Use of the Name When Acting In a Non-Johns Hopkins Capacity In Company Marketing Materials


Companies that engage faculty and staff in outside activities, such as consulting, may NOT use the Johns Hopkins name: if it could reasonably be viewed as endorsing or approving a commercial product.

This policy applies to all uses of Johns Hopkins Medicine names, entities and brand mark.

Appropriate use example
Background: Dr. Trust, an assistant professor of pathology, discovered a series of biomarkers for breast cancer. Johns Hopkins licensed her invention to a small start-up company that is developing a diagnostic tool for breast cancer. The company asked Dr. Trust to attend meetings with potential investors to describe her discovery and explain how it could be used in a diagnostic product.

Analysis: As the inventor, Dr. Trust has expertise that is of great value to the company in its effort to turn the technology into a medically useful product. Dr. Trust's role was to educate potential investors about the scientific basis for the company's product development plans.

Decision: The company was marketing itself to investors, hoping to convince them of its prospects for success. Dr. Trust's invention was one of many factors in the company's potential success or failure. Dr. Trust was told that as long as she informed the investors that she was speaking as a private individual and not as a representative of Johns Hopkins, she could meet with potential investors and cite her Johns Hopkins title and affiliation.

Inappropriate use example
The situation: Dr. Normal, a Johns Hopkins diabetologist, served on the scientific advisory board of GlucoBioCorp (GBC). Johns Hopkins Medicine staff become aware that the company's Web site contains laudatory quotes from Dr. Normal about its new glucose monitor; a canned news video-prepared by the company's PR firm and accessible via the company's and a local TV station's Web site-includes an interview with Dr. Normal; and the company's marketing slides, included on its Web site, have footage of Johns Hopkins' medical campus, including a Johns Hopkins sign and the dome. Dr. Normal was a paid member and chair of the GBC scientific advisory board.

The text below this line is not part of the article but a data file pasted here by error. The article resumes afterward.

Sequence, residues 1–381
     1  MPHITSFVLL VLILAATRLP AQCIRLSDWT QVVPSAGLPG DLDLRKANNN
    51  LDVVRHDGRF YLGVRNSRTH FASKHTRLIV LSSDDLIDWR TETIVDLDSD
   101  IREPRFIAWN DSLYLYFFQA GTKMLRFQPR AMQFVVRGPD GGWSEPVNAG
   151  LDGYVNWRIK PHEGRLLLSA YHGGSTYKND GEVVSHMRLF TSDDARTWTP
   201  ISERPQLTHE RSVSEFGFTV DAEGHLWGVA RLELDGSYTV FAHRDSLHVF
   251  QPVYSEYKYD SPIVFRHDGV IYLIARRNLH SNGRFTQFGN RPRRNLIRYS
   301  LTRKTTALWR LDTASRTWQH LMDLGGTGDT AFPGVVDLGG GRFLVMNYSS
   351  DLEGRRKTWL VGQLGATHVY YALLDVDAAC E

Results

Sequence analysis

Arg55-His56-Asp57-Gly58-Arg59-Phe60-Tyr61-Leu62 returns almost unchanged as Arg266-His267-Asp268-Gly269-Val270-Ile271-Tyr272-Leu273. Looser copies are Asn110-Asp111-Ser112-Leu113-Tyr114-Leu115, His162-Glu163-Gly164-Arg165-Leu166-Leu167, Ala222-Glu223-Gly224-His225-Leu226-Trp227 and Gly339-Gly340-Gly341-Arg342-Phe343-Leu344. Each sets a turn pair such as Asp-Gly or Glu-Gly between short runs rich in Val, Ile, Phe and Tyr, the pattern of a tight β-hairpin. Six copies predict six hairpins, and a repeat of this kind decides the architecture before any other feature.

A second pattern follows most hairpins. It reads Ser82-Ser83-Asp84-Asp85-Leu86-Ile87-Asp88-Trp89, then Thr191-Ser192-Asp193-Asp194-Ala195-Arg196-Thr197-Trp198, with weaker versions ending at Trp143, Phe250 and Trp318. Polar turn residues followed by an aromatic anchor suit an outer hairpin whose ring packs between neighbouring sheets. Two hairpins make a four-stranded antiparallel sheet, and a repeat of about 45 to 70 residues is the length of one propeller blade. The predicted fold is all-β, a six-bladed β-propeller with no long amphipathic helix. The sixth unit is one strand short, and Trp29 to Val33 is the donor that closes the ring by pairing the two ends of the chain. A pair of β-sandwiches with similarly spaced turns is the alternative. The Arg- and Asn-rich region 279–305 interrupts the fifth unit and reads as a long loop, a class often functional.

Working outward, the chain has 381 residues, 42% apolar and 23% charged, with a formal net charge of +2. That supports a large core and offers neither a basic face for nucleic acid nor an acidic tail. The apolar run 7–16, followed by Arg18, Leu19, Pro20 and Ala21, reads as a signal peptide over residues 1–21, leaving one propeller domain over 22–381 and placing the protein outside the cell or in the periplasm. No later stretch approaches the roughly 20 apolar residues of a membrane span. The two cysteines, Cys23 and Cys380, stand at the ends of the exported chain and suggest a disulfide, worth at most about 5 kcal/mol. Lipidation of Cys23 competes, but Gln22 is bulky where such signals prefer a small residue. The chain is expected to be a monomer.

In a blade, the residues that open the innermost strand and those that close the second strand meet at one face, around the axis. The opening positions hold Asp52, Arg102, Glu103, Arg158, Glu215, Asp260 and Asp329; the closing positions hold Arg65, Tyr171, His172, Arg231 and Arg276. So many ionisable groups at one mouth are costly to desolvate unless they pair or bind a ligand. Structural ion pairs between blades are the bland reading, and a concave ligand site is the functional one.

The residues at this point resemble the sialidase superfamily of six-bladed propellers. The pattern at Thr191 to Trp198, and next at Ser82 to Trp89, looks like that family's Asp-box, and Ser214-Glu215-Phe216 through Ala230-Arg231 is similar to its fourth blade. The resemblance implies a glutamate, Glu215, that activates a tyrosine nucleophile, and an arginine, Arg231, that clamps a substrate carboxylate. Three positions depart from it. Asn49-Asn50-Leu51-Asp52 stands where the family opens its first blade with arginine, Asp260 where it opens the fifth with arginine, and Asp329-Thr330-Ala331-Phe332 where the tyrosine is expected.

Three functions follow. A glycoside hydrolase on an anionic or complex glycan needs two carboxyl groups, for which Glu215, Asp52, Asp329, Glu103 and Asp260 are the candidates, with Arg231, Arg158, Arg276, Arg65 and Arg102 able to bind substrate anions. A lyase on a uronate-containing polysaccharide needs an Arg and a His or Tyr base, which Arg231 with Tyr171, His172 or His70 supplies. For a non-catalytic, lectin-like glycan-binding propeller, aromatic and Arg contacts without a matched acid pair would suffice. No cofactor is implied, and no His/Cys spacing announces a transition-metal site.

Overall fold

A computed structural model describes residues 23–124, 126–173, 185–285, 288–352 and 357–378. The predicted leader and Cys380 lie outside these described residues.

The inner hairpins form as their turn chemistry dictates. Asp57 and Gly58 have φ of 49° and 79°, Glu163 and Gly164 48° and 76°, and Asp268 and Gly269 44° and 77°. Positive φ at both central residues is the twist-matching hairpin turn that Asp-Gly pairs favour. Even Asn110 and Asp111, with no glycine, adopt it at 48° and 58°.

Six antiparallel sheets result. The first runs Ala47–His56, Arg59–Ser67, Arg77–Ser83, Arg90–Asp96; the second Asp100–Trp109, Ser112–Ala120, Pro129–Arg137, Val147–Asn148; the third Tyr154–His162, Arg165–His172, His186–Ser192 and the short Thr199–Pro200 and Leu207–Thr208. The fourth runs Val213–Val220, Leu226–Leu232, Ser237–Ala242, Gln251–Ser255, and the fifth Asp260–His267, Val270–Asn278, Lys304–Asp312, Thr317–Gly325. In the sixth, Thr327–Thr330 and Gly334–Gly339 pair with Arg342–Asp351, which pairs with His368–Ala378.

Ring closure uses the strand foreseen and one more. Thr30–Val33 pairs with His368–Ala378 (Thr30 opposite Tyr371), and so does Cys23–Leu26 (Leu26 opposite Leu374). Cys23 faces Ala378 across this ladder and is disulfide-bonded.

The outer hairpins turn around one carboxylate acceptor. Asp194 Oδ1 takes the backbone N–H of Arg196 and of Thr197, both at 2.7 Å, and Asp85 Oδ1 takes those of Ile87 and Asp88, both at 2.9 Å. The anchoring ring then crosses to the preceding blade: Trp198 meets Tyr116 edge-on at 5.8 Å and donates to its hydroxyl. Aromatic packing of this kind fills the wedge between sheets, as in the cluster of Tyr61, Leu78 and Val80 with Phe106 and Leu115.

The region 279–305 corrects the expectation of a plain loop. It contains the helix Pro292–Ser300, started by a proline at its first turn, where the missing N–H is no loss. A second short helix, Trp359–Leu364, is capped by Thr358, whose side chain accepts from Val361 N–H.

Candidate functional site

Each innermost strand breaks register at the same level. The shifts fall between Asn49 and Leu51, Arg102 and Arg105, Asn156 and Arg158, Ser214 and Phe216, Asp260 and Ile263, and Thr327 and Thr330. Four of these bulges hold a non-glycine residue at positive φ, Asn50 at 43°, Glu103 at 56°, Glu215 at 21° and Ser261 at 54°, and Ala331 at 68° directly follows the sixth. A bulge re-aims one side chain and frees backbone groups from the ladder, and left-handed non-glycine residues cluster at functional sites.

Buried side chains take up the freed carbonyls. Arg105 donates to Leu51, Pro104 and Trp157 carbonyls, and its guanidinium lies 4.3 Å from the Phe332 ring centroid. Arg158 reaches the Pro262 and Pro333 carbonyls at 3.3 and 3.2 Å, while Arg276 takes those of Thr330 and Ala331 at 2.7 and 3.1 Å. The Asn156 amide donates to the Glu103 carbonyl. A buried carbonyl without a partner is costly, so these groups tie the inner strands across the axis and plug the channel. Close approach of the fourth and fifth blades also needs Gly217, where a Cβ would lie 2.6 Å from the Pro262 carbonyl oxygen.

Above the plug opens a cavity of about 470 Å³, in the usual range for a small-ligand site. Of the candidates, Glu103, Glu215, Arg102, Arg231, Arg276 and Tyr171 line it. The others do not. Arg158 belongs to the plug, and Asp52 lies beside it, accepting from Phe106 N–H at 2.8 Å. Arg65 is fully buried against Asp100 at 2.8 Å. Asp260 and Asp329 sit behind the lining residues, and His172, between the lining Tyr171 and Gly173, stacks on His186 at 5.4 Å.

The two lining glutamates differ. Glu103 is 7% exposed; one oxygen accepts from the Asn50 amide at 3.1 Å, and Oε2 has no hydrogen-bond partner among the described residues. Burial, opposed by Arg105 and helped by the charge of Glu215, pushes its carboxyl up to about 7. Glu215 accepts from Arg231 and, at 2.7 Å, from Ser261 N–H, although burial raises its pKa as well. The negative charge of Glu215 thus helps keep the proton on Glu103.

Analysis: Dr. Normal had previously disclosed his outside relationship with GBC to the Dean's Office. Johns Hopkins-required revisions to Dr. Normal's consulting agreement prohibited participation in marketing and required that any use of Dr. Normal's name, title and affiliation be accompanied by a disclaimer of Johns Hopkins involvement.

Decision: After extensive debate with Dr. Normal and with GBC, the company removed the Johns Hopkins content from its marketing slides; asked the TV station to take the news video off its Web site; and removed the quote by Dr. Normal from its Web site. It was permitted to list Dr. Normal as chair of the scientific advisory board.

Inappropriate use example
The situation: Dr. Roland is an unpaid scientific advisor to Slim-eeze. He conducted a clinical trial of Slim-eeze's weight-loss product. The results of the study were published in a nutrition journal. The company's Web site includes several quotes by Dr. Roland stating that the weight loss product is safe and effective. A photo of Dr. Roland is displayed prominently on the site.

Analysis: The quotes from Dr. Roland and his photo on the company Web site imply endorsement of the company's weight loss product.

Decision: The company may include excerpts from Dr. Roland's published articles and it may cite the publications. Those are fair uses of published text. However, Dr. Roland may not permit the company to quote him or place his photo on its Web site. Johns Hopkins Medicine staff explained this to Dr. Roland and asked the company to remove the problematic content from its Web site.